Enter The Bitch Pack, ready to shine a spotlight on practices that perpetuate a single narrative. This collective, headed by WoC Thuc Nguyen, seeks to change women’s representation on the screen and promote screenplays that pass the ever-relevant Bechdel Test and feature characters of color. The Bitch List is the only all gender-inclusive writer list that tracks the entertainment industry’s most-liked, but so far un-produced, Bechdel-passing scripts. The writers on this list include over 50% women, compared with The Black List’s 17% female membership.

A quick refresher on the Bechdel Test: originally developed by Alison Bechdel as a standard for judging films, it’s pretty simple (apply it to your favorite movie):

  1. It has to have at least two named women
  2. Those women must talk to each other
  3. They must talk about something besides a man


Head over to the Wall Street Journal to see how this year’s nominees for Best Picture did. Spoiler alert: better than last year, but still not great.

The impact of these films extend beyond our backyards. Hollywood films are our farthest reaching media and our number one cultural export, says Nguyen, and this influence can be both powerful and dangerous. Limiting depictions of groups of people to stereotypes on screen or erasing them from history altogether has a trickle-down effect in real life. Art influences life which influences art.

If mentors are shaping the perceptions of storytellers (future thought leaders, tastemakers, Academy members), then it’s no wonder industry-wide change feels like such a gargantuan undertaking. We’re battling a hydra: remove one head and another appears, ready to reduce a character to expendable lady parts.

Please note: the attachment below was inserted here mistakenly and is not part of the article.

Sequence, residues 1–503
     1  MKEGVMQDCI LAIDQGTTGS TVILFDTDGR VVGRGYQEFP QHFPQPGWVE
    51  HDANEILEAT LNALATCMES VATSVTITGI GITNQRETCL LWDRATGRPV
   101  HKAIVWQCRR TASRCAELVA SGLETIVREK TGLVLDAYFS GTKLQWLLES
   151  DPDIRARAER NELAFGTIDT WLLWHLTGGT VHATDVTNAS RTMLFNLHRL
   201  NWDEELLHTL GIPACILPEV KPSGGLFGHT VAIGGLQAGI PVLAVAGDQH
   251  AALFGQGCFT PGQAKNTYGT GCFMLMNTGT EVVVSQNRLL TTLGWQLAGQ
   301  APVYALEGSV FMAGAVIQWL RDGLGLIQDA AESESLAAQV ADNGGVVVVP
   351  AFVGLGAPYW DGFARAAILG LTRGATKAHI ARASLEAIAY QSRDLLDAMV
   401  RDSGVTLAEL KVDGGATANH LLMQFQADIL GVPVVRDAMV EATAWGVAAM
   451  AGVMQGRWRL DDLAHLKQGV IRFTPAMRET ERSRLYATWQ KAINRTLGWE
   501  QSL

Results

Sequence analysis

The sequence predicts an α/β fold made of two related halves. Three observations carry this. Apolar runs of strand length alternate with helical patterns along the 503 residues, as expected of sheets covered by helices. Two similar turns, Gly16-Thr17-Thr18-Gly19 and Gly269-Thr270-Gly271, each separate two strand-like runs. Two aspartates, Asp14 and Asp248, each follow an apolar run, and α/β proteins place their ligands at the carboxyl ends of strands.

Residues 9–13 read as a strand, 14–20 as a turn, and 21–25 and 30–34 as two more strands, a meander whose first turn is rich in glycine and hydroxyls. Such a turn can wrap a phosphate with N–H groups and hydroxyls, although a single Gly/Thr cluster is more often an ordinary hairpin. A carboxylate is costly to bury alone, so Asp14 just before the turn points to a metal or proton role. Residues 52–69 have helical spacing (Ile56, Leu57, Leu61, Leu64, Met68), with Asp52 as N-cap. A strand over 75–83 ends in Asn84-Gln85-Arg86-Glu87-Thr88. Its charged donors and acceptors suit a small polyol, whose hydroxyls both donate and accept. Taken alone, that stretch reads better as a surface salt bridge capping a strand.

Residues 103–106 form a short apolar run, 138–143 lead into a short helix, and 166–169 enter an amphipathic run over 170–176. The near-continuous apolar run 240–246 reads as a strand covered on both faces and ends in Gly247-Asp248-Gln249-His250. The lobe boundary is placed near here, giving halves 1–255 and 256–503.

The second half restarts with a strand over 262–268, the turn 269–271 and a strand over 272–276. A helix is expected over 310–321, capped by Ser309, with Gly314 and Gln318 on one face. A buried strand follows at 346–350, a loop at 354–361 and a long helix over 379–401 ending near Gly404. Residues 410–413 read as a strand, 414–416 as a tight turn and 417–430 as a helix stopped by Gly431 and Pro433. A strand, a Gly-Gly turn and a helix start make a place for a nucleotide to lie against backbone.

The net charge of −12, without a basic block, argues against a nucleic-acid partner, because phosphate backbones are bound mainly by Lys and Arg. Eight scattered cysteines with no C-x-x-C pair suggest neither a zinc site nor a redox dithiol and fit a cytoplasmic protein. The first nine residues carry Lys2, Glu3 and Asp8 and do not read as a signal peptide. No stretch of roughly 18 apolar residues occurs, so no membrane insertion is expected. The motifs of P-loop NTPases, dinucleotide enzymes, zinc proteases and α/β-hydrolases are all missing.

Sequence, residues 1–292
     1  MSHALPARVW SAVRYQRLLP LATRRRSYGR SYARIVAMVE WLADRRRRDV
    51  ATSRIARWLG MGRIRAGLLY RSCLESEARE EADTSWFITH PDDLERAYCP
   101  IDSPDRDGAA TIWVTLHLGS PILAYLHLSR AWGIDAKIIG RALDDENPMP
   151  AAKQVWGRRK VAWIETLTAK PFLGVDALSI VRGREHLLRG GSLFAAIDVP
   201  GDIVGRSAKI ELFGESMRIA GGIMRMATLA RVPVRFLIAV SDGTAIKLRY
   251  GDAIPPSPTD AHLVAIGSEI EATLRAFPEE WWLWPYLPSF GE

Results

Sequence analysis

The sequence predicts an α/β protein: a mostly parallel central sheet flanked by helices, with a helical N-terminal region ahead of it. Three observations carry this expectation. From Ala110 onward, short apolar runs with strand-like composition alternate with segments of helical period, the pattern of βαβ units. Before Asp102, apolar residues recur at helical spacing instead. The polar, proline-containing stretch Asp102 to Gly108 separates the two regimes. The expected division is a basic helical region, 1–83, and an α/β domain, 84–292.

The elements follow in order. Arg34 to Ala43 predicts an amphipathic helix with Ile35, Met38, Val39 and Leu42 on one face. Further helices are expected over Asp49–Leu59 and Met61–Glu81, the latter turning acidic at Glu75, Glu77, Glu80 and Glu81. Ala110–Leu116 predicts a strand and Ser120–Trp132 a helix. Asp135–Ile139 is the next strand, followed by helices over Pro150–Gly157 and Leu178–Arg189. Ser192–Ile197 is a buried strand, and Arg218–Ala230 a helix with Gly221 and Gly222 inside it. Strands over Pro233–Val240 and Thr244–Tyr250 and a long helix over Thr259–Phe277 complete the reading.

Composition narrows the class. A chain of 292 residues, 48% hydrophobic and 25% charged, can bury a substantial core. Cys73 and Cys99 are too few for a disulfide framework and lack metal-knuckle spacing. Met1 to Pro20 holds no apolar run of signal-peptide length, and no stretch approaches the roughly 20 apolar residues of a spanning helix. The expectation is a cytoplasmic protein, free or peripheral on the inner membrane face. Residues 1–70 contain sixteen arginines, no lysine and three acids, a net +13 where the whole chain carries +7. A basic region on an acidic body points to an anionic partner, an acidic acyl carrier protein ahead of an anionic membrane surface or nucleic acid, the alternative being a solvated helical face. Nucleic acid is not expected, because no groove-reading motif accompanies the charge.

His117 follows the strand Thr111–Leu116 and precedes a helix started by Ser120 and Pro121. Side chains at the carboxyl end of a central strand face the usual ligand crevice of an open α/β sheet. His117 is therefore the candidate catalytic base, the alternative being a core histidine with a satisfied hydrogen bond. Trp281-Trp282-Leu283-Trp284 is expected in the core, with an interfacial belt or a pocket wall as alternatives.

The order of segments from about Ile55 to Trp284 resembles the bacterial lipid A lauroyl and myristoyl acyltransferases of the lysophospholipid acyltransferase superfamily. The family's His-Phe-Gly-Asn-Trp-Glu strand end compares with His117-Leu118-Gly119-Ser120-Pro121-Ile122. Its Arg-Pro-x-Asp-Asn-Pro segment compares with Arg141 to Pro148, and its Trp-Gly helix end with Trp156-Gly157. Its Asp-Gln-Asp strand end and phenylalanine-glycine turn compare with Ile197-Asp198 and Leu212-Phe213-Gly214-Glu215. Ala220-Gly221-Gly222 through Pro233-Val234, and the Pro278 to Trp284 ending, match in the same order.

For Nguyen, the problem and solution rests on the shoulders on the first writer, in the first draft. He or she is in full control of the story before the screenplay travels up the food chain. For example, Nguyen’s most recent project, Cuffing Season, explores singlehood in Los Angeles and the pressure felt by an Asian American woman to be a part of “the model minority.” Texas City: The Darkest Day, another Bitch List script, features a diverse cast of characters (almost half are female and people of color), all affected by a single natural disaster.

Furthermore, prompting writers to run their screenplays through a Bechdel-Wallace lens prior to rewrites kills two birds with one stone. Industry leaders can’t point to lack of material as the reason for resurrecting another franchise if the Bitch Pack has a stack of screenplays featuring realistic, diverse characters, compelling stories, and a variety of genres. All original. All ready and available to be produced. All passing the Bechdel Test. In addition, The Bitch Pack continues to add scripts that feature the Women of Color to The Diversity List.

Instead of influencing our movie-going habits, The Academy can take its cues from us. We can continue to speak up through social media and—more importantly—our dollars. Check out films like Tangerine, Dope, Concussion, and Spike Lee’s Chi-Raq. Seen these already? Then check out the additional lists of films below featuring women and people of color, further proof that Hollywood isn’t out of ideas. Just excuses.

The Oscars Snubbed Women and People of Color But These 9 Non-Nominated Movies Do It Better

84 Films By and About Women of Color, Courtesy of Ava DuVernay and the Good People of Twitter (Here, I highly recommend Girlhood for its magical lip sync moment featuring Rihanna’s “Diamonds.”)


Image credits: Feature image. Collage images, clockwise: image 1, image 2, image 3, image 4, image 5, image 6.

Nicole Zschiesche is a producer and writer living in Los Angeles and wishes her apartment complex allowed dogs. More from this author →